UK Government’s Department for Digital, Culture, Media and Sport shared the contact details of 300 journalists, allowing their addresses to be seen by other people. This is the third government email blunder in the past two week’s following the Home Office’s use of CC rather than BCC when emailing EU citizens, and individuals involved in receiving compensation from the Windrush Compensation scheme.
You can’t make this up the UK government have announced that they’re putting age & id checks in place so people can watch porn
The press release they sent out went to over 300 journalists with all the email addresses visible to the recipients https://t.co/DCGZ8knP4t
— uosʎᗡ sıɹɥƆ (@ChrisLDyson) April 17, 2019
Adenike Cosgrove, Cybersecurity Strategist, EMEA at Proofpoint:
“Unfortunately despite rigorous technical and process controls, examples of human error such as this can mean the difference between a normal day and a data protection disaster. What we’re seeing from a lot of organisations is a situation where technical solutions and process management are in place to a certain degree, but the equally important employee awareness aspect is still yet to be adequately addressed. Businesses must make end-users aware of what type of data is protected under the GDPR. In addition, organisations must work to change user data-handling behaviour, they must offer action-oriented scenarios that challenge users to think about how the regulation affects their day-to-day business activities.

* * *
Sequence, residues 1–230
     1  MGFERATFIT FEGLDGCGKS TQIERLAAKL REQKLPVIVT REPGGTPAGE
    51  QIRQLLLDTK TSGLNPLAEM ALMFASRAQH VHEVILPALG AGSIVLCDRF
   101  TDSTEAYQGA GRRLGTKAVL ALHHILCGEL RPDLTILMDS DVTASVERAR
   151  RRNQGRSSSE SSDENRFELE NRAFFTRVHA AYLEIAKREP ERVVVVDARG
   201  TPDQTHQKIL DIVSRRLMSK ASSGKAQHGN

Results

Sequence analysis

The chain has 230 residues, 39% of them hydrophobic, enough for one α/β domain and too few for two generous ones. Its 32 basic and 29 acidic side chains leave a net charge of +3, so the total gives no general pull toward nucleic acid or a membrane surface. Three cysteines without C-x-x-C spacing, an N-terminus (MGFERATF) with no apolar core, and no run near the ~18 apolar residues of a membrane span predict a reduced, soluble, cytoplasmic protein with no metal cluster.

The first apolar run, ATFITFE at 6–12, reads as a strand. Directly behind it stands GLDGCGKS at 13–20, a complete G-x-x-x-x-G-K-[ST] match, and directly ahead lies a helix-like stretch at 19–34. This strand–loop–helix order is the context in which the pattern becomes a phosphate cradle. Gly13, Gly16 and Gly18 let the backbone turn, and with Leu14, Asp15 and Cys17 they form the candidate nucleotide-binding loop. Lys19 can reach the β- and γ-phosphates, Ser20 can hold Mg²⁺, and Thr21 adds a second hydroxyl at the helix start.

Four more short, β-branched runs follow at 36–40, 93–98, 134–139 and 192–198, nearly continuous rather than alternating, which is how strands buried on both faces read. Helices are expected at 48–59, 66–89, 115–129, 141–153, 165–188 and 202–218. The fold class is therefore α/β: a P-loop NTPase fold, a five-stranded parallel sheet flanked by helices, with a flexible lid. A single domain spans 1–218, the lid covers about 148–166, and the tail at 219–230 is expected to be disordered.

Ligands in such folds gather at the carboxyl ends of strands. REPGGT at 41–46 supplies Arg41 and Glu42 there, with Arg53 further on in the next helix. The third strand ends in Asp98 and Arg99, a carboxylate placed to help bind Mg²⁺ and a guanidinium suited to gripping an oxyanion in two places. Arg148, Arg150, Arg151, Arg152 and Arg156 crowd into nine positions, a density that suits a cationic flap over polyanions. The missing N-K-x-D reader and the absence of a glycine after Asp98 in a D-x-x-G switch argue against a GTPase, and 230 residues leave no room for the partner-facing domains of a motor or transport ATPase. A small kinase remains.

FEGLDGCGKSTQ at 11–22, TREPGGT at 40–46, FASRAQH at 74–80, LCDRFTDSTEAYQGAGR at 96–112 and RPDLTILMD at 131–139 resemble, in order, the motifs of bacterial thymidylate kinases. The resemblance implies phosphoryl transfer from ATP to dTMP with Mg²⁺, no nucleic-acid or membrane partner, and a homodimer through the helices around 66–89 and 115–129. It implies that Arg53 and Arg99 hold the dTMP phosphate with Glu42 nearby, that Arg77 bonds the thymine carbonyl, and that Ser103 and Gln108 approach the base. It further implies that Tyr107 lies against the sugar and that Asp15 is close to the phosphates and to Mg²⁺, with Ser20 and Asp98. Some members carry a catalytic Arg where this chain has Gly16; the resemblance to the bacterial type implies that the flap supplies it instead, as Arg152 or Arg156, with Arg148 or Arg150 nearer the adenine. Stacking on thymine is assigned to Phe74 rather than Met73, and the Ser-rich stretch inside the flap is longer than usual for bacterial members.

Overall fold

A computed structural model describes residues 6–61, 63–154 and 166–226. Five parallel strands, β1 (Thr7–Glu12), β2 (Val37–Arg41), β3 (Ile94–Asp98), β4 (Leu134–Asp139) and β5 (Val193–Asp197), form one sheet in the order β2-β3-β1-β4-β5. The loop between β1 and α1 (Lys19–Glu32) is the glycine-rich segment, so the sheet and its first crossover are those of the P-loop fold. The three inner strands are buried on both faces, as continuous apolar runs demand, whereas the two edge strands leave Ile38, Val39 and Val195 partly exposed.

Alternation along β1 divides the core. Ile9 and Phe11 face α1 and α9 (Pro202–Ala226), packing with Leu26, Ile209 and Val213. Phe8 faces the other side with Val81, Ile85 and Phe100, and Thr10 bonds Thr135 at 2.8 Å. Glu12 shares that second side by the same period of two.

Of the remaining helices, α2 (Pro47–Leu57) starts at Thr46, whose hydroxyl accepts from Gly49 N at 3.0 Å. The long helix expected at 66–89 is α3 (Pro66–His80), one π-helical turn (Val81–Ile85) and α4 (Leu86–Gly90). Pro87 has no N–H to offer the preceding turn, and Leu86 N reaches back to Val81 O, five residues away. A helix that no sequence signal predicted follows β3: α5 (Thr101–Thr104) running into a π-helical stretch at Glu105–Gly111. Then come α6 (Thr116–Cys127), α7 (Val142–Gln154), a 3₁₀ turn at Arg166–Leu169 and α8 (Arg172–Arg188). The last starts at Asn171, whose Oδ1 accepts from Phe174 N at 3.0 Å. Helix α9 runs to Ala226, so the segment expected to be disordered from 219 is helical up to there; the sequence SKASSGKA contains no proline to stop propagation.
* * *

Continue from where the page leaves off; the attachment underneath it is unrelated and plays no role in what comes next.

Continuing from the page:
“GDPR mandates that users handling personal data must be trained on how to handle it appropriately to protect the privacy and confidentiality of that information. Companies rolling out cyber security awareness and training programs should ensure that employees are trained not just on potential technical threats, but are also educated on how to handle sensitive information, particularly Personally Identifiable Information (PII). By leveraging technical controls and making data privacy a business priority, organisations can reduce the likelihood of data exposure.”